On January 27, Governor Scott Walker (R-WI) announced the formation of a 527 committee called Our American Revival, unveiled a new website, and issued a statement which included the following:
To move this country forward we need new, fresh leadership from outside of Washington. We need leaders who are bold. That’s how we build a better future for our children and grandchildren. We’ve done it in Wisconsin and it can be done across this country with the right leadership.
Walker’s statement refers to his actions in balancing Wisconsin’s state budget, closing an unconstitutional deficit hole of $3.6B while actually cutting state taxes and capping local property taxes. He achieved this mostly by curtailing the hitherto virtually unrestrained power of public employee unions, to the intense dismay of the Wisconsin Left. Walker’s statement also comes on the heels of a major speech delivered over the weekend to Iowa conservatives, in which he urged policies that “go big and bold” in tackling such major public policy problems.
Now that it is obvious Walker is planning a presidential run, his intentions are being met with mixed reviews even among some of Wisconsin’s GOP stalwarts who are not used to seeing a governor’s attention split in this fashion. Walker would be the first Wisconsin governor in history to run for the presidency.
Three major recent Wisconsin events suggest what the Walker approach to federal domestic issues might be.
1. A decision was announced last Friday, just before Walker’s appearance in Iowa, not to go ahead with building a new Indian casino in Kenosha County. This is a big deal in Wisconsin. In 2005, then-Governor Jim Doyle, a Democrat, made binding pacts with the eleven recognized Indian tribes resident in Wisconsin. Indian reservations are effectively extra-territorial, virtually independent nations within United States territory. As such, whether or not the state’s laws permit legal gambling, the tribes are free to establish gambling casinos on tribal land if they wish. The problem has been that these reservations tend to be in rural, out-of-the-way locations, making the accessibility and therefore profitability of such enterprises problematic.
The Potawatomi tribe of Wisconsin sought a novel approach to the matter by getting an industrial park in Milwaukee’s Menomonee River valley declared tribal land, and built a large casino and entertainment complex there. It has been very successful. Doyle’s pact protects it from competition by giving the Potawatomi an absolute veto over any new casino within fifty miles of their present location in exchange for large, fixed-sum payments to the state treasury.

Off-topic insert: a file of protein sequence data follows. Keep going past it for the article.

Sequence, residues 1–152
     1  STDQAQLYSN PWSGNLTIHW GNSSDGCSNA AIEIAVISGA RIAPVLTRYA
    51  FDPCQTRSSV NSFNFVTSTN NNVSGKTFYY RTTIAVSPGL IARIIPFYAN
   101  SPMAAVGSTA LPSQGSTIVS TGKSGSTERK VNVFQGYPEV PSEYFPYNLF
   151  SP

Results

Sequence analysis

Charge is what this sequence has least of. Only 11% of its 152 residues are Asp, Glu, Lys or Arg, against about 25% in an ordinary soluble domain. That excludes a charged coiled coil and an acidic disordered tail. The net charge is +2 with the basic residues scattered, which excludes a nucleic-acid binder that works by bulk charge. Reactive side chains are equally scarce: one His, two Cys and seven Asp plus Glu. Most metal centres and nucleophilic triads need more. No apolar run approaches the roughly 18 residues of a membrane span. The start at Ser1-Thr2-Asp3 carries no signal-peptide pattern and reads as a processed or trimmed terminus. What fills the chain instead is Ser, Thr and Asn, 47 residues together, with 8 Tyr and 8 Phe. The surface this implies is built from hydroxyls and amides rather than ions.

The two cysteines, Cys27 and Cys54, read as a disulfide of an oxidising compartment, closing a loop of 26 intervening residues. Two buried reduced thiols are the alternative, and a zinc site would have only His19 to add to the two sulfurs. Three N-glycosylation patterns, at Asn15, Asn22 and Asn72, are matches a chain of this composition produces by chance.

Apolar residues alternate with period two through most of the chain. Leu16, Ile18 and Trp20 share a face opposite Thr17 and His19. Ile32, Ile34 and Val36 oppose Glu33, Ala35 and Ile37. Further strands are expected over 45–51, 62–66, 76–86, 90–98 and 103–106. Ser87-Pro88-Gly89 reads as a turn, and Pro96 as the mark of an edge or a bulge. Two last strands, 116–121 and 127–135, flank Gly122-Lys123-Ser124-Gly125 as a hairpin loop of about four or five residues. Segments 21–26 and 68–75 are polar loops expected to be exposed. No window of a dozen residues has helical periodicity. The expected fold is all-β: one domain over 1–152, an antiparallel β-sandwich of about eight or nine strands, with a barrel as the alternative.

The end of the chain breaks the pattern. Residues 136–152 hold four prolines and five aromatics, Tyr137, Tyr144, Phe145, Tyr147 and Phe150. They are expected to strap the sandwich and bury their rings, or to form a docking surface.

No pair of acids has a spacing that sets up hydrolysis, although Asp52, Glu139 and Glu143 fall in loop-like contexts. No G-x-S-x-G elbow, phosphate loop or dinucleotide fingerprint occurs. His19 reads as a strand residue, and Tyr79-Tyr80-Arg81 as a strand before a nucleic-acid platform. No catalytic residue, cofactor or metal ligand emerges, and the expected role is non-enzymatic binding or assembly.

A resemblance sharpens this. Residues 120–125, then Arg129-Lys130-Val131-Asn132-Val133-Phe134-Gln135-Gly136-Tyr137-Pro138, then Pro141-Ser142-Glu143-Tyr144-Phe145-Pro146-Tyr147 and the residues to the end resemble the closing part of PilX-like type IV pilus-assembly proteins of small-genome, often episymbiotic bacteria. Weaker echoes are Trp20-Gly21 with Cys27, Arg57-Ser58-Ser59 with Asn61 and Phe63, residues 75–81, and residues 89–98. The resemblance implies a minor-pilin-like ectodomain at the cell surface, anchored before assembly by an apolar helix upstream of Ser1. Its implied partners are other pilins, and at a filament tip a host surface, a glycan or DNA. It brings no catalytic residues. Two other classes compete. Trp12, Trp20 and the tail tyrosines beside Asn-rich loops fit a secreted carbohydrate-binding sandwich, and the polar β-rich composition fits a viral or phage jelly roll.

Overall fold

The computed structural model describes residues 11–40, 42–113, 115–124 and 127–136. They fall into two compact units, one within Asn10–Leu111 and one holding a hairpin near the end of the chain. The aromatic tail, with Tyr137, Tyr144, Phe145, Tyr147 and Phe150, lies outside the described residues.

Enter the Menominee Indians of central Wisconsin. They looked at a failed dog-racing track in Kenosha County (due south of Milwaukee on the Illinois state line), which was located right along the I-94 corridor connecting Milwaukee and Chicago. They proposed building a large, state-of-the-art casino and entertainment center there, to be managed by the Hard Rock entertainment company owned by the Seminole Indians of Florida.
Though the Bureau of Indian Affairs approved the transfer of the park to Menominee ownership, the decision was ultimately up to the governor to risk breaching Doyle’s agreements. The Potawatomi put considerable pressure on the state government, running a massive media campaign against the casino and withholding a $25M payment to the state to emphasize their point. For their part, the Menominee responded with their own media campaign.
Walker insists that his decision had nothing to do with presidential politics or a well-publicized letter from social conservatives in Iowa vowing to oppose him if he approved the casino, and instead focuses on his fiduciary responsibility to the taxpayers of the state. Breaching the contract would have ended the Potawatomi obligation to make the payments Doyle had negotiated. The tax revenues generated by thousands of jobs in Kenosha County from the casino and ancillary businesses might have made up the shortfall. It is certain that approval would have been challenged by the Potawatomi in federal court, where anything might have happened, and the state would potentially have been out hundreds of millions of dollars in revenue (the worst-case scenario might have required repayment of all money paid in since 2005).